1. No Borders or Waldenbooks in my area - closed up years ago. Afraid since I'm not a coffee person, I don't hang out much in the shops. But when we did have a Waldenbooks, they had the best deals on writing journals.

  2. It doesn't look like my Borders is closing. I have often wanted to hang out in their coffee shop. Most of the people there are writing, reading, very few are talking. It's quieter than my library. It's on my list of places to go and write when I can't work at home. I will buy books there, too, but usually only on sale. I'm happy to see they aren't on the list but I haven't been there for awhile (it's 20 min. away) so there might be a note on the door or something.

    Thanks for making a comment on my blog so I could find you!

  3. Over the last couple of years our Borders has gone from so crowded with stock it was claustrophobic to so cutback that voices will soon echo. It's not set to close but more and more requests must be ordered.
    The cafe is still a great place to find new characters.

  4. I'm lucky to live in a small town with two independent bookstores--the two that stayed in business even as Borders and B & N put most of the indies out of business in nearby towns. The demise of the "Big and Nasties" gives me mixed feelings. Yes, they had great coffee shops and a fantastic array of literary delights, but I preferred the indies for the personal attention. I've read that the demise of the giants may actually cause a rebirth of the indie, where you can still get recommendations and chat with knowledgeable people. I hope they're right. Buying nothing but ebooks online will be awfully lonely.

  5. There was a Waldenbooks/Borders open at the mall before--but then they closed. They were open again for Christmas time but it seems like a seasonal thing; they're never open for long.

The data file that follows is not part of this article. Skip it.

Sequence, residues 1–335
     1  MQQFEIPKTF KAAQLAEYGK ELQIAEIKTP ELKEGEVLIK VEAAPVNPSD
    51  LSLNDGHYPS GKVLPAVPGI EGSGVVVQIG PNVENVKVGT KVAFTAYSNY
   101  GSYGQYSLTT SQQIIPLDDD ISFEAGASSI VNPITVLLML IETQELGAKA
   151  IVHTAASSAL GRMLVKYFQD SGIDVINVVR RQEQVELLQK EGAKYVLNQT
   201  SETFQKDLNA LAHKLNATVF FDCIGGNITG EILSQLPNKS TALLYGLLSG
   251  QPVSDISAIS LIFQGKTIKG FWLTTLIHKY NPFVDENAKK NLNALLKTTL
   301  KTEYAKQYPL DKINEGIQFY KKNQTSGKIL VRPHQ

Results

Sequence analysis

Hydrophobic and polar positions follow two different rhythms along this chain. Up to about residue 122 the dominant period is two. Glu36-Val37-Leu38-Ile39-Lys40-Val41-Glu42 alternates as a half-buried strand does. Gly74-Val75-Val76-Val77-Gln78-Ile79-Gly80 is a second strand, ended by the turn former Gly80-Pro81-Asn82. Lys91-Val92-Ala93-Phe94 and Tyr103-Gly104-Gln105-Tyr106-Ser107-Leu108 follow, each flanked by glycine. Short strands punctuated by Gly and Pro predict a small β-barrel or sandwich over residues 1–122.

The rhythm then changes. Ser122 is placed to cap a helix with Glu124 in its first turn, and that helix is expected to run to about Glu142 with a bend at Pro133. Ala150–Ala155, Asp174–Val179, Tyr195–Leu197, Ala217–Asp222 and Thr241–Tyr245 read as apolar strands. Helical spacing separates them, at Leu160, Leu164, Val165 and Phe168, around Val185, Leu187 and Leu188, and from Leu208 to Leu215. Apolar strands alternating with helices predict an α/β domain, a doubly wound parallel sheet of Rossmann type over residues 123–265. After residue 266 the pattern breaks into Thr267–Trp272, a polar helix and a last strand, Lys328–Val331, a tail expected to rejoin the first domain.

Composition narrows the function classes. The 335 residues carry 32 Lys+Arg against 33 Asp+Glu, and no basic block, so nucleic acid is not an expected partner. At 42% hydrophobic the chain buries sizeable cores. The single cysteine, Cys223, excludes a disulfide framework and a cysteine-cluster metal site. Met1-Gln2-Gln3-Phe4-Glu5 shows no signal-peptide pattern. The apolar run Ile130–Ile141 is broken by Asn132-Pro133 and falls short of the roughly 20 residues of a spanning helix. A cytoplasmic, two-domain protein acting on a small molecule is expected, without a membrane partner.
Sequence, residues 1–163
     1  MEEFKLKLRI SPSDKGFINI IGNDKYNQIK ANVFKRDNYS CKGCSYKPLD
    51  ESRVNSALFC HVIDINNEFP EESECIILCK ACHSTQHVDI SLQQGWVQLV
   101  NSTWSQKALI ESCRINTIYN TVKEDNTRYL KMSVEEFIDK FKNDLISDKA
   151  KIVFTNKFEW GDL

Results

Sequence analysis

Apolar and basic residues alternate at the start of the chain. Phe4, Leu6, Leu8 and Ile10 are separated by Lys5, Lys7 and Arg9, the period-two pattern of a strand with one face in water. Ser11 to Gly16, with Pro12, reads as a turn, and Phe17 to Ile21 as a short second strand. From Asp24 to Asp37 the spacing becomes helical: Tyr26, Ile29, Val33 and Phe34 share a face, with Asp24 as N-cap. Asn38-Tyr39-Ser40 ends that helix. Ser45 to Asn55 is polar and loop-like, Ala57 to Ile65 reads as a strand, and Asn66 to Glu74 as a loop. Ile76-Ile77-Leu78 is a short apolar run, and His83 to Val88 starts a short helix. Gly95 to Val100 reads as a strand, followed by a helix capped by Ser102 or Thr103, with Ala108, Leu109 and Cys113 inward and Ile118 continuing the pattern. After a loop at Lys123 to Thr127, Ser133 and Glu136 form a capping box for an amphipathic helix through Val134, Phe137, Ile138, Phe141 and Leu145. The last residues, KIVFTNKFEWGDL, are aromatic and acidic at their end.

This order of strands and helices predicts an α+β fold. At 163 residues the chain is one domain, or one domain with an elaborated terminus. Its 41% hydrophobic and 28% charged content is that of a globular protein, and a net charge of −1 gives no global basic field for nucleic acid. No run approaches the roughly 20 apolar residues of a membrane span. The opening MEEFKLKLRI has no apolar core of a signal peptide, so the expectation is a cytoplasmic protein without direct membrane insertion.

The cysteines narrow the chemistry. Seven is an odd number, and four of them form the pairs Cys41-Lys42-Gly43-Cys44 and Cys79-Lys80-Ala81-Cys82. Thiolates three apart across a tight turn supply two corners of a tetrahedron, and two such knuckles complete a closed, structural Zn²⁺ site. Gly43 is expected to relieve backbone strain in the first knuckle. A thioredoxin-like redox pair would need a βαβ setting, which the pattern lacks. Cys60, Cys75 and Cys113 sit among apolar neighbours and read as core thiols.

6. We don't have any Borders in our area (not sure if there are any in Canada at all) - but we've lost our indie book stores over the years. We don't have one with a coffee shop at all - I'd love that!

  7. Bookstores, my world.
    I could work in a bookstore, I adore books. Walking down the rows gives me pleasure, although I rarely buy in a shop, because I love getting book deliveries and unwrapping them.

    I still choose books in stores, just to flip through them quickly.
    Nahno ∗ McLein

  8. It sounds like we all have stories of book stores closing and opening. I envy those of you with an indie you can shop at.

  9. You might like my blog post this writers group has to move bec. our Borders is closing and the closest one is almost an hour away for me. (That "other" chain wasn't hospitable to us so we aren't going back convenient as it is.) Speaking of indies--the Midtown Scholar in Harrisburg deserves our support. I'm with you all the way.

  10. I haven't simply hung out in a bookstore in ages. I'm usually in too much a rush. I will always pop in though even if they do carry all the books I've seen before ;)

  11. I also visit bookstores for signings - LOL! I've been getting the emails, so need to see which Borders in Raleigh is closing.

  12. We have two Waterstones in the nearest city and used to have a Borders in Bournemouth. The LSO and I would visit Bournemouth once a year (it's two hour car journey) just to go to Borders. You could lose yourself in there all day!

    Ellie Garratt

  13. I love bookstores and the experience for all the things you described. I hope the indies do rise again, and that they take some lessons from what worked for Borders and B&N. My favorite bookstore was Brentano's in NYC. Cozy, packed, multi-leveled, cushy places to sit, etc.